• 4.2 'Naked' and Complexed DNA Vaccine Delivery 34
  • 4.3 Vaccine Delivery to the Mucosal System and Skin 35
  • 4.4 Intranasal Vaccine Delivery 35
  • 4.5 Oral Vaccine Delivery 37
  • 4.6 Transdermal Vaccine Delivery 39
    • 4.6.1 Intercell 39
    • 4.6.2 Microneedles for Intradermal Delivery 40
  • 4.7 Conclusions 40

5 Diabetes 41

  • 5.1 Introduction 41
  • 5.2 Innovation in Insulin Delivery 41
    • 5.2.1 Inhaled Insulin 41
    • 5.2.2 Oral Insulin 43
    • 5.2.3 Buccal Insulin 44
    • 5.2.4 Transdermal Insulin 45
  • 5.3 Next Generation Insulin Delivery Devices 45
    • 5.3.1 Pens 45
    • 5.3.2 Pumps 45
  • 5.4 GLP-1 Analogues 46
  • 5.5 Conclusions 48

6 Rheumatology 49

  • 6.1 Introduction 49
  • 6.2 Prefilled Syringes 50
  • 6.3 Autoinjectors 50
    • 6.3.1 New Materials in Autoinjector Design 52
  • 6.4 Alternatives to Autoinjectors 53
    • 6.4.1 Jet Injectors 53
    • 6.4.2 Other Needle-Free Devices 54
    • 6.4.3 Novel Injectors 55
  • 6.5 Conclusions 55

7 Respiratory Diseases 57

  • 7.1 Introduction 57
  • 7.2 Drug Delivery Devices 57
    • 7.2.1 Pressurized Metered Dose Inhalers 57
    • 7.2.2 Dry Powder Inhalers 58
    • 7.2.3 Aerosol Delivery Methods 58
    • 7.2.4 Advances in Particle Engineering 60
    • 7.2.5 Introduction of Electronics 61
  • 7.3 Innovation in Drug Carriers for Pulmonary Drug Delivery 61
  • 7.4 Alternative Routes of Delivery 61
  • 7.5 Conclusions 62

8 Outlook 63

9 Appendix 65

  • 9.1 Abbreviations 65
  • 9.2 References 66
  • 9.3 Methodology 68
    • 9.3.1 Primary Research 68
    • 9.3.2 Secondary Research 68
  • 9.4 Contact Us 69
  • 9.5 Disclaimer 69

List of Tables

1.1 List of Tables

  • Table 1: Innovation in Drug Delivery, Blockbuster Products Including Drug Delivery Systems, 2012 11
  • Table 2: Innovation in Drug Delivery, Examples of Leading Drug Delivery Companies, 2012 15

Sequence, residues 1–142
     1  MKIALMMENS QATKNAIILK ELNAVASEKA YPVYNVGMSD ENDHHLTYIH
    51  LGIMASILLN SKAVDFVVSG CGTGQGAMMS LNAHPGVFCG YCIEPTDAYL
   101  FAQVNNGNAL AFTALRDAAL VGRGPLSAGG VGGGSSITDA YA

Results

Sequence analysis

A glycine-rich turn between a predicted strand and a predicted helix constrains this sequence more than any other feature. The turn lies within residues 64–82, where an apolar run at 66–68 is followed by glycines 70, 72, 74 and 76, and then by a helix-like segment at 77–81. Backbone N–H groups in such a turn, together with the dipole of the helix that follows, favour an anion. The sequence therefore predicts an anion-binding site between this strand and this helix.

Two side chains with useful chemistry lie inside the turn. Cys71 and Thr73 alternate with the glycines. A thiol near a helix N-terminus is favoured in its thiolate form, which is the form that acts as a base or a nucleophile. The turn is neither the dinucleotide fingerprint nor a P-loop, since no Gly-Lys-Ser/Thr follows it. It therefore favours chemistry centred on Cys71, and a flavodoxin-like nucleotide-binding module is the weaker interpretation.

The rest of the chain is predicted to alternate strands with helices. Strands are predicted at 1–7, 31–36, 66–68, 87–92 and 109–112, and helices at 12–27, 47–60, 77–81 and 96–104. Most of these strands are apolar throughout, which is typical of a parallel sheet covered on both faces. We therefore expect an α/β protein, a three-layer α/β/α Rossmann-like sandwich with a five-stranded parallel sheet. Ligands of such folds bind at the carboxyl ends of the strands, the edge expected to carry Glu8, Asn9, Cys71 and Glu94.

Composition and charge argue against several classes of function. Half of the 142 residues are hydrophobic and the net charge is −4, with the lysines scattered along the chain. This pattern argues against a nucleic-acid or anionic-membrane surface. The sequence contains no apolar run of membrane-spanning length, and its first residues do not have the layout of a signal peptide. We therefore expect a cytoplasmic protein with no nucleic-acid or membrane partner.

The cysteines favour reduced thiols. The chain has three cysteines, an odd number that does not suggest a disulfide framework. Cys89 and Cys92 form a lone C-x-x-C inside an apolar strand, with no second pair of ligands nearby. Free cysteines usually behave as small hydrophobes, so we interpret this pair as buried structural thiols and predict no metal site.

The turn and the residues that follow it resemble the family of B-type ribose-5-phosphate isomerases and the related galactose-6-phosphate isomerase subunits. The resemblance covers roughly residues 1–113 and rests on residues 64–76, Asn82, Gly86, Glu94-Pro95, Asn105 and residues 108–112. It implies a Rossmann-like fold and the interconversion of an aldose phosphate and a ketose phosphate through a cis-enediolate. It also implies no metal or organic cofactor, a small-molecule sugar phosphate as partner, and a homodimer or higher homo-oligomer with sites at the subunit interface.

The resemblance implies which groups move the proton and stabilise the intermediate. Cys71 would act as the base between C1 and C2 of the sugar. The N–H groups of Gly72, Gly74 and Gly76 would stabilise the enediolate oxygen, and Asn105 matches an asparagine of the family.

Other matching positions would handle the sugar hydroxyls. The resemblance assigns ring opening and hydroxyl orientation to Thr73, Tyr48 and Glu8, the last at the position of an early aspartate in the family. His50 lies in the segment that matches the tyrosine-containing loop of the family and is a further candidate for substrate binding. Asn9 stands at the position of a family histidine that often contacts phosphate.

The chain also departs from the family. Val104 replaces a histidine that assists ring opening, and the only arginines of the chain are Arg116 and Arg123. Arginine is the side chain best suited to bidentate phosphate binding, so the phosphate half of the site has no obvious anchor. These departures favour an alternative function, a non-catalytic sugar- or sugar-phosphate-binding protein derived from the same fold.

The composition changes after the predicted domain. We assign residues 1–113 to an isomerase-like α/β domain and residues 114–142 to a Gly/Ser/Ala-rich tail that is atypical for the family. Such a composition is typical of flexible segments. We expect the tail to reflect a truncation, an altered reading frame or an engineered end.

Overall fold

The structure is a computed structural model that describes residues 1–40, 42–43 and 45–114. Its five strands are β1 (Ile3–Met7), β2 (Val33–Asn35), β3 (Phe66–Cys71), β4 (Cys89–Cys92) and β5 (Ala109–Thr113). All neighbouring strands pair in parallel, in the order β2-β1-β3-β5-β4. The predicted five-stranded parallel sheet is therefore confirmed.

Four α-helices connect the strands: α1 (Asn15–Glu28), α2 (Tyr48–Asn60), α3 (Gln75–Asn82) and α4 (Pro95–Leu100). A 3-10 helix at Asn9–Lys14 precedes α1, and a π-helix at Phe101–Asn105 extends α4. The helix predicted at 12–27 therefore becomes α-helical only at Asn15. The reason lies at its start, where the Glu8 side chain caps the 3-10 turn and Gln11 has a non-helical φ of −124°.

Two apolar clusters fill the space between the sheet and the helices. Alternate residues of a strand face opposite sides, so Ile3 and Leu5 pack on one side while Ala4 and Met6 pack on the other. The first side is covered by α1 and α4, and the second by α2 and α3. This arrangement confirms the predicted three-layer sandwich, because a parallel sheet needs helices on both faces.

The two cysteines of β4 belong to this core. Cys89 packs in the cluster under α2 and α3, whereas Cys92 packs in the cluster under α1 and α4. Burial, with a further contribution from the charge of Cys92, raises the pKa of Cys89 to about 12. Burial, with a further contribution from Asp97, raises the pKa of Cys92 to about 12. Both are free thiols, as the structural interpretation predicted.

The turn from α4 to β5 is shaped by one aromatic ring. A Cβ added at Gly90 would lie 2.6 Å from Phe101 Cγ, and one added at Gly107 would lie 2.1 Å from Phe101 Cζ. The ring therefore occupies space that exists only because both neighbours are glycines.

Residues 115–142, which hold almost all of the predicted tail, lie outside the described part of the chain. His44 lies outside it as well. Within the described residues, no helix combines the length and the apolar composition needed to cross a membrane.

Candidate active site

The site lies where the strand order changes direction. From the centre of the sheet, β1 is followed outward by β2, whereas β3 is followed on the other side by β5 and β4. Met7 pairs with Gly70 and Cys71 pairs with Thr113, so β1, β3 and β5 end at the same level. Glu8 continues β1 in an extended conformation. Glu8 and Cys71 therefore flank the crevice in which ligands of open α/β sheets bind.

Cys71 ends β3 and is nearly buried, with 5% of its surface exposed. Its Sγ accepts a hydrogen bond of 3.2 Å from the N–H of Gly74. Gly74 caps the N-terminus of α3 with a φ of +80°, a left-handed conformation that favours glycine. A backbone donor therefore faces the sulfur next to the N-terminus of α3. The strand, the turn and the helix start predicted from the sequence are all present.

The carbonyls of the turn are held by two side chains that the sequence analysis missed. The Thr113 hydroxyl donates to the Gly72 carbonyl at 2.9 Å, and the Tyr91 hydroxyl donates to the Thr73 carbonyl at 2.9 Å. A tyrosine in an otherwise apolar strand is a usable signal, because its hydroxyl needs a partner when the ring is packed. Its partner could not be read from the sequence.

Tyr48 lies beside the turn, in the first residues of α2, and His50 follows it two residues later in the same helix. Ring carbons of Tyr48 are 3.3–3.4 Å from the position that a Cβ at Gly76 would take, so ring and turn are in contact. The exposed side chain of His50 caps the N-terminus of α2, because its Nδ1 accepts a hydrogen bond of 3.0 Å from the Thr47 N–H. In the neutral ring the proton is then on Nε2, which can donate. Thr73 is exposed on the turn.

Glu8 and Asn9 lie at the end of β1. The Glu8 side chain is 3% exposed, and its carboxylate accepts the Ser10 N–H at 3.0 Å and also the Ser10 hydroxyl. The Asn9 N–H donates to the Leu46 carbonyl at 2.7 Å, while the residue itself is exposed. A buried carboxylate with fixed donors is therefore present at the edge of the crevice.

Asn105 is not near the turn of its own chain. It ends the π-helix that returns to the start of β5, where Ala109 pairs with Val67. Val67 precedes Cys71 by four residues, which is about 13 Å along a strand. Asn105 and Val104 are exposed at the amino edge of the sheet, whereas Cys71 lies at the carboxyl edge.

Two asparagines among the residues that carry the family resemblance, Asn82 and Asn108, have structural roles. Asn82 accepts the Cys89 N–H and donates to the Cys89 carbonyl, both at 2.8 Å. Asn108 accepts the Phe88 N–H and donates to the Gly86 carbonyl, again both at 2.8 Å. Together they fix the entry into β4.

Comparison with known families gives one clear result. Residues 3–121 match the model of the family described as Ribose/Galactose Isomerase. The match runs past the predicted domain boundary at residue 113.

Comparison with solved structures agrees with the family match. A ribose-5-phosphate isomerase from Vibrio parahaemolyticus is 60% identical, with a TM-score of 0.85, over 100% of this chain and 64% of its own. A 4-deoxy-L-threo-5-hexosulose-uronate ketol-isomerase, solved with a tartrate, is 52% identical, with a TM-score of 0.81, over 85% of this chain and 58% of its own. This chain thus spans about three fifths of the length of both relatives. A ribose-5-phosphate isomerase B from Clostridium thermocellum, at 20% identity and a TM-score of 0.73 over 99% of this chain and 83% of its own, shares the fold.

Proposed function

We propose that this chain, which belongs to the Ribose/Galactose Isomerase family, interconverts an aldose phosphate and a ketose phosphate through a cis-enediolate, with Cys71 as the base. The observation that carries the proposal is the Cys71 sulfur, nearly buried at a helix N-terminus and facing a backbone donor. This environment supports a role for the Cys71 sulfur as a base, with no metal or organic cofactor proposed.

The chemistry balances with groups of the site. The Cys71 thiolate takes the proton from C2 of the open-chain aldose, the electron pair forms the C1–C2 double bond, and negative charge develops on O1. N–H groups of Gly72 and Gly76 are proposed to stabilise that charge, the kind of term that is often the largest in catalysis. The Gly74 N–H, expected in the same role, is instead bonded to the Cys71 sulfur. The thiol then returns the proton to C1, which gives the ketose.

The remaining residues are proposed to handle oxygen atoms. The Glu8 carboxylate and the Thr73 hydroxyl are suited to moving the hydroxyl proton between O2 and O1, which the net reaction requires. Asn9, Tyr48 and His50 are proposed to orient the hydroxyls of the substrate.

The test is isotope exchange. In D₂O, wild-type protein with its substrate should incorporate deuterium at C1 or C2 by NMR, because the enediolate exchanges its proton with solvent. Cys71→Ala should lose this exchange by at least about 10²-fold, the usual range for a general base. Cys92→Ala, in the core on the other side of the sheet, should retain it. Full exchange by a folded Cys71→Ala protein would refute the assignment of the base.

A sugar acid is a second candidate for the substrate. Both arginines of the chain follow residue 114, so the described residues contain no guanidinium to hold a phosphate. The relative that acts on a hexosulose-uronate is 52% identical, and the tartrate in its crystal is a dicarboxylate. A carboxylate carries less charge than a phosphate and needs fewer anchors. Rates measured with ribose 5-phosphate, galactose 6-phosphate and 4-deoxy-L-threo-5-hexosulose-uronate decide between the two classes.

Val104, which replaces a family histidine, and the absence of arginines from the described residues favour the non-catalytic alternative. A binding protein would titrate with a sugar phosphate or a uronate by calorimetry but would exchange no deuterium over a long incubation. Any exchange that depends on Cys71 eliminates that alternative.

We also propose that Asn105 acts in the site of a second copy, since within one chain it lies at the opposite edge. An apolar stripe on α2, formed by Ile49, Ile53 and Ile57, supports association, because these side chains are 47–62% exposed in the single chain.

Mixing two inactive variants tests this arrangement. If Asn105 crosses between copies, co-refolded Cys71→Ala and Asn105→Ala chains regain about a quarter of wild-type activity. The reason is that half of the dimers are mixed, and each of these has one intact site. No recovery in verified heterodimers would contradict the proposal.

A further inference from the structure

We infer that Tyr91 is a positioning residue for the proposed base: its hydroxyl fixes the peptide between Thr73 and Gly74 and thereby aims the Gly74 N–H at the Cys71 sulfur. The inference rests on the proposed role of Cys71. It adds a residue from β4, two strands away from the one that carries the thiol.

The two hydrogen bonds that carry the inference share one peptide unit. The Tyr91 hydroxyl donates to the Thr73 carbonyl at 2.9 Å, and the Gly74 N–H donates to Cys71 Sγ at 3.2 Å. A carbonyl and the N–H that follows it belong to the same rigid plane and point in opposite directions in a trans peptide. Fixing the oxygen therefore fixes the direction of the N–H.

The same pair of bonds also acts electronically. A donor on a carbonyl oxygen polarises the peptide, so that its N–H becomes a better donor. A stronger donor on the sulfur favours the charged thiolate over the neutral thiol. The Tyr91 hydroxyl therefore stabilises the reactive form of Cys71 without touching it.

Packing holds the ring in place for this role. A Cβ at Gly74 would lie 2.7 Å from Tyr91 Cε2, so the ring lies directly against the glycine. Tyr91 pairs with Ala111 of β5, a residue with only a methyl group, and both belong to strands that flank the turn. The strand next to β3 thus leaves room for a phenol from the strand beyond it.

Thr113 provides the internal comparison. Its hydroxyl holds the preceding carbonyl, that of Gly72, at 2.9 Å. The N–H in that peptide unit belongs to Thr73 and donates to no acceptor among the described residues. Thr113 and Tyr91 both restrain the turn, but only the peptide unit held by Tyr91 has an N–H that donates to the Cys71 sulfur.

• Table 3: Innovation in Drug Delivery, Examples of Licensing Deals for Drug Delivery, 2012 17
  • Table 4: Innovation in Drug Delivery, Examples of Licensing Deals for Drug Delivery, 2012 18
  • Table 5: Innovation in Drug Delivery, Examples of Oncology Drugs in Clinical Development with Drug Delivery Systems (by Technology Platform), 2012 21
  • Table 6: Innovation in Drug Delivery, Advances in PEGylation Technologies, 2012 23
  • Table 7: Innovation in Drug Delivery, Examples of Nanoparticulate Drug Delivery Systems, 2012 26
  • Table 8: Innovation in Drug Delivery, Approved Cancer Drugs with Liposomal Delivery Systems, 2012 26
  • Table 9: Innovation in Drug Delivery, Companies Developing Viral Vector Delivery Systems for Vaccines, 2012 33
  • Table 10: Innovation in Drug Delivery, Companies Developing Intranasal Vaccines and their Technologies, 2012 36
  • Table 11: Innovation in Drug Delivery, Companies Developing Oral Vaccines and their Technologies, 2012 38
  • Table 12: Innovation in Drug Delivery, Companies Developing Transdermal Vaccines and their Technologies, 2012 39
  • Table 13: Innovation in Drug Delivery, Inhaled Insulin Products and their Development Status, 2012 42
  • Table 14: Innovation in Drug Delivery, Oral Insulin Products and their Development Status, 2012 43
  • Table 15: Innovation in Drug Delivery, GLP-1 Analogs and their Development Status, 2012 47
  • Table 16: Innovation in Drug Delivery, Leading Drugs for Arthritis and their Delivery Systems, 2012 49
  • Table 17: Innovation in Drug Delivery, Leading Autoinjector Manufacturers and their Products, 2012 51
  • Table 18: Innovation in Drug Delivery, Examples of Liquid Jet Injectors for Needle Free Delivery, 2012 53
  • Table 19: Innovation in Drug Delivery, Companies Commercializing Aerosol Drug Delivery Technologies, 2012 59
  • Table 20: Innovation in Drug Delivery, Drug Delivery Requirements in Different Therapeutic Areas, 2012 63

List of Figures

1.2 List of Figures

  • Figure 1: Innovation in Drug Delivery, Commonly Used Options for Drug Delivery, 2012 8
  • Figure 2: Innovation in Drug Delivery, Uses of Drug Delivery Technology, 2012 9
  • Figure 3: Innovation in Drug Delivery, Commercial Opportunities for Drug Delivery Systems, 2012 10
  • Figure 4: Innovation in Drug Delivery, Reducing Drug Toxicity Through Drug Delivery, 2012 20